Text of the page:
The ANOVA Tukey’s HDS post hoc test enabled the identification of variables contributing to the heterogeneity among the investigated groups (statistically significant variables are presented in Table 2). Results have shown that, compared to the controls, males with functional pituitary tumors had a smaller ridge count for the a–b rc of both hands (p < 0.001), and the c–d rc R (p = 0.003), while those with non-functional tumors had a smaller ridge count for FRR 5 (p = 0.003), a–b rc, c–d rc of both hands and b–c rc L when compared to the control group. In female patients with functional pituitary tumors, differences in the ridge count for FRR 5, a–b rc and c–d rc of both hands and atd L were observed, whereas in the non-functional tumor group a difference in c–d rc R, FRR 4, and a–b rc of both hands was established (p = 0.003) compared to the control group (Table 2). When comparing functional with non-functional tumor groups, the biggest difference was observed in the mean ridges for c–d rc L in males (p = 0.023) and a–b rc R in females (p = 0.024). The variables that contribute the most to the heterogeneity among the investigated groups in both genders are the smaller ridge count between triradii a–b rc and c–d rc on the right hand.

3.2. The Analysis of Qualitative Dermatoglyphic Traits

Compared with the control group, the fingertip pattern of both hands in males showed a decrease in the total number of whorls (functional 20.0% vs. 33.9%; non-functional 26.7% vs. 33.9%) and slight increase in the total number of arches (functional 8.5% vs. 5.3%, non-functional 10.0% vs. 5.3%) and ulnar loops (functional 69.0% vs. 56.2%; non-functional 61.0% vs. 56.2%) (Table 3). Similar results for the fingertip patterns were also observed in female patients when compared to controls, except that the increase in the number of ulnar loops was limited to non-functional pituitary tumor patients (67.0% vs. 59.9%) (Table 3).
The results of a χ2 test in male subjects have shown statistically significant differences in the fingertip patterns on the right hand (p < 0.001) and both hands together (p < 0.001) for functional tumor patients and on the left hand (p = 0.003) and both hands together (p < 0.001) for non-functional tumor patients when compared to controls. There were no significant differences between functional and non-functional tumor patients (Table 4). In female patients results were somewhat different. A significant difference was present for the right hand (p = 0.003) and both hands together (p < 0.001) between functional tumor group and controls, whereas the non-functional tumor group had different fingertip patterns on the right and left hand separately and both hands together (p < 0.001). When comparing functional with non-functional tumor groups, a difference was observed in the fingertip pattern of both hands together (p = 0.034) (Table 4).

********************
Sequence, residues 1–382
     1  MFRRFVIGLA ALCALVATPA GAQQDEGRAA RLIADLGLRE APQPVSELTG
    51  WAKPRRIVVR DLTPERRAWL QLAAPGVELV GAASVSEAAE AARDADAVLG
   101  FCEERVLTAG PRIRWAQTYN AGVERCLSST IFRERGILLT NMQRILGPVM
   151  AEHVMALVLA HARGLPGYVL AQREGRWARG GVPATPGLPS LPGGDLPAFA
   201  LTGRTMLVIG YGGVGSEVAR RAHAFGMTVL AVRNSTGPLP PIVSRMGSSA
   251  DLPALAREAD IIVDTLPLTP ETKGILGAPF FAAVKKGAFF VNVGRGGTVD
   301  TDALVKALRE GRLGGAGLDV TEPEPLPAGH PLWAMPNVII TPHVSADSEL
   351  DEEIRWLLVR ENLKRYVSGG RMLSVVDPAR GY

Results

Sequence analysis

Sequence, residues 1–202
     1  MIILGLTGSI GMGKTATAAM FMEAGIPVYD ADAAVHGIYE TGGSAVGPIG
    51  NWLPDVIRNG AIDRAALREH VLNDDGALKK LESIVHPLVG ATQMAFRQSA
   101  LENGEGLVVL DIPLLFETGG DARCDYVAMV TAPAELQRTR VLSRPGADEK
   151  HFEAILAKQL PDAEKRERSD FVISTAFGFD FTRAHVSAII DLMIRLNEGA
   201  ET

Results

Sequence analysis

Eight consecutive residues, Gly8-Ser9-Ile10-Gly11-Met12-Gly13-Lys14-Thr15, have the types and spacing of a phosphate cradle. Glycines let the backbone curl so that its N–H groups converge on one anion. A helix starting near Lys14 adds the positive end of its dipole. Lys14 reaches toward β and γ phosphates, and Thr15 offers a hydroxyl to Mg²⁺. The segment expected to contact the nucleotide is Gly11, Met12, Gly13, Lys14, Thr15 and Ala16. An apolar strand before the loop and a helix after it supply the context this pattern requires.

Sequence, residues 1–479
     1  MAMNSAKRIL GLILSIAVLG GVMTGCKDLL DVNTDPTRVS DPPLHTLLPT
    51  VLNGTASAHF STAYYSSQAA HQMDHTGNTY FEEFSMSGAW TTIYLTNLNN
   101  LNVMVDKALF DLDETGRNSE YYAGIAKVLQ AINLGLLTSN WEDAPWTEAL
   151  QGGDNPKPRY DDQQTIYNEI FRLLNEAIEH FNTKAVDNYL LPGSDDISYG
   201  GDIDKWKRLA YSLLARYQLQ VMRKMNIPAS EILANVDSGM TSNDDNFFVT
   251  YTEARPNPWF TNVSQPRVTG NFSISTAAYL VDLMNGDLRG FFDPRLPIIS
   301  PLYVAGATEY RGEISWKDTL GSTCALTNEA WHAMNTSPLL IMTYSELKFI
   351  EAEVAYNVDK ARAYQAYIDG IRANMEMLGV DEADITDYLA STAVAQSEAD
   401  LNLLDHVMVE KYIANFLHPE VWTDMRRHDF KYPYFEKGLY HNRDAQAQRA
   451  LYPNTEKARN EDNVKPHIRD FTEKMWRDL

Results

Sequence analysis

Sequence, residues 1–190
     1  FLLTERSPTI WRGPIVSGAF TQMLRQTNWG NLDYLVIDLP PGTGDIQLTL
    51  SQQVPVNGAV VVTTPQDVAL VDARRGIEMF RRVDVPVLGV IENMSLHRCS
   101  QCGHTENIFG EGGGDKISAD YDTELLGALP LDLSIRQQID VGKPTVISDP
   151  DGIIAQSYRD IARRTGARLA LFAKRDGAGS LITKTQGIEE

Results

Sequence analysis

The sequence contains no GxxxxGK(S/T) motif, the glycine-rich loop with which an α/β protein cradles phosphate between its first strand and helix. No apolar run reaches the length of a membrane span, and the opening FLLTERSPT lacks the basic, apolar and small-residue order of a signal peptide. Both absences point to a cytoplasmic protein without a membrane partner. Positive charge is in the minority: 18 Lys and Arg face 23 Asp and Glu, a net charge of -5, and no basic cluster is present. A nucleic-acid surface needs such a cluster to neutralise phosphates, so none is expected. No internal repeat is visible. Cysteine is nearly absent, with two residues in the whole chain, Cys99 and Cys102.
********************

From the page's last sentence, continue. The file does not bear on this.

Palmar pattern distribution analysis in males (including hypothenar/I1 interdigital area, I2, I3, and I4 interdigital area, and thenar) revealed significant differences in the hypothenar when comparing functional tumor to non-functional tumor patients (p = 0.009) or controls (p = 0.014). Furthermore, non-functional tumor male patients had a different I4 interdigital area pattern (p = 0.016) than control group and a different thenar than functional tumor patients (p = 0.041) (statistically significant variables are presented in Table 5).
In female patients a significant difference was observed for the I2 and I3 interdigital area between non-functional tumor cases and control group (p = 0.003 and p = 0.021, respectively) and for the I3 interdigital area (p < 0.001) between the functional tumor and control groups (Table 5).

4. Discussion

Presently there are no studies published on dermatoglyphic features in pituitary tumor patients. Therefore, the aim of this study was to determine an association between dermatoglyphic traits and pituitary adenomas, assuming there was a distinctive pattern of dermatoglyphics in patients with pituitary tumors. The results of the quantitative and qualitative analysis of digito-palmar dermatoglyphics in this study support the notion that patients with pituitary tumors can be distinguished as a separate biological group. Although we did not find markers that could specifically distinguish functional from non-functional tumors, we have found markers predisposing patients to the development of tumors in general (a small number of ridges between the triradius of both hands, a smaller number of ridges between triradius of c–d R), those for endocrine dysfunction (increased number of arches and reduced number of whorls, difference of pattern distribution in the I3 and I4 interdigital space), and some that could potentially be attributed to patients suffering from pituitary tumors (small number of ridges for variables FRR 5, smaller number of ridges in the FRL 4 of both hands, and a difference in the pattern distribution at the thenar of the I1 and I2 interdigital space).